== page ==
Chord over A minor harmonic scale?

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JackOnTheRocks
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Chord over A minor harmonic scale?

Post by JackOnTheRocks » August 24th, 2015, 6:45 am

Hello,

Quick question ....

I decide to go with the key of A harmonic
minor where the scale notes are:

A, B, C, D, E, F, G#,A

My chord progression goes from A minor chord to
E minor chord. Over the E minor chord I decide
to riff a lead solo with notes B, C and G#.

Question:
What notes should be make up the E minor chord?
I am presuming, E, B, G#.
So why do articles say: E, B, D and G ???

http://guitar-scales.learn-guitar-asap. ... cale.shtml

Thank you so much for your help.

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dhodge
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Re: Chord over A minor harmonic scale?

Post by dhodge » August 24th, 2015, 11:58 am

Hi there

The notes of an Em chord are E, G, and B. This Guitar Noise article tells you why:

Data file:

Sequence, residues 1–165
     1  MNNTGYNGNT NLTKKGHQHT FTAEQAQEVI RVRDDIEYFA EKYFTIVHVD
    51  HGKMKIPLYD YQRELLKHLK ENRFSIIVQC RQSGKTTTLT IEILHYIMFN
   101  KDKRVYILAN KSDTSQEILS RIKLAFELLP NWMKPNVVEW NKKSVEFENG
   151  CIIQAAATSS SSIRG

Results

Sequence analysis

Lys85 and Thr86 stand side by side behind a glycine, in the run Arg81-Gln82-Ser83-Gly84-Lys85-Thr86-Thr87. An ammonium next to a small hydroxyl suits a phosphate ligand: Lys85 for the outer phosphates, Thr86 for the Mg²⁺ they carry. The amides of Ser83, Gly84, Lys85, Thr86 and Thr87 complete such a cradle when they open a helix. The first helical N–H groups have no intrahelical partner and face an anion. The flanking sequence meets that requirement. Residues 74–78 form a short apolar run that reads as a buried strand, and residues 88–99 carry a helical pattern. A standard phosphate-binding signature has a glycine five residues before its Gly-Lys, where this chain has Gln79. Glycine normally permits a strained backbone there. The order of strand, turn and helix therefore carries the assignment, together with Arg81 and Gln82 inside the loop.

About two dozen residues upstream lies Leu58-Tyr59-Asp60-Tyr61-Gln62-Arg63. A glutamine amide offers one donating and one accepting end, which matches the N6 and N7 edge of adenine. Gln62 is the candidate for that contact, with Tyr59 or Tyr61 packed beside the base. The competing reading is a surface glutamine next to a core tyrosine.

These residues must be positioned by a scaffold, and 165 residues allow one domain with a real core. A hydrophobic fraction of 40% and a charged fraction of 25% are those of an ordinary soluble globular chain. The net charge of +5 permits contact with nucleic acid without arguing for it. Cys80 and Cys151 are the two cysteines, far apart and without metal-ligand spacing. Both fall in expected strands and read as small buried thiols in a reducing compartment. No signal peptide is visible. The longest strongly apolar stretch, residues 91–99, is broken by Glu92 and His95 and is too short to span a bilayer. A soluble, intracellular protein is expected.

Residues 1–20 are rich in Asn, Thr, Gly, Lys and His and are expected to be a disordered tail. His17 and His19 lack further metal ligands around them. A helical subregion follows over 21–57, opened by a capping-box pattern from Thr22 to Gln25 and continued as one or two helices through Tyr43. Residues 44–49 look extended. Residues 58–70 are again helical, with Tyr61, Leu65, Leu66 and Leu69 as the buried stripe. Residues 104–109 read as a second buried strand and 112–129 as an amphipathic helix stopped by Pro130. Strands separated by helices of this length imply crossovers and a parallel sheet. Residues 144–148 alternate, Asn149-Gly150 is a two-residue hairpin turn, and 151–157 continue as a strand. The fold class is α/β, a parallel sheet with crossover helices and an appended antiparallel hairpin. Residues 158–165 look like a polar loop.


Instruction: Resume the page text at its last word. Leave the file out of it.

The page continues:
http://www.guitarnoise.com/lessons/the-power-of-three/

When you add a D to those three notes, you get an Em7. E, G#, and B make up the E major chord.

Hope this helps.

Peace

JackOnTheRocks
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Posts: 13
Joined: August 20th, 2015, 10:48 am

Re: Chord over A minor harmonic scale?

Post by JackOnTheRocks » August 24th, 2015, 2:34 pm

Hello dhodge,

Thank you for replying ...

I understand the E, B and G#, but why oh why
the D?

What is it with music theory that is so obsessed
with adding a 7th to all the chords all over the place.

Even at this following article all the chords from
all the scales (except major scales) mostly
all have 7ths in them. Why?

look here:
http://guitar-scales.learn-guitar-asap. ... cale.shtml

and here:
http://guitar-scales.learn-guitar-asap. ... ales.shtml

and everywhere else these 7ths keep creeping up in all the chord progressions....
and not one of the dozens of articles/videos I watched explain why!

Back to my example.... what would be wrong if I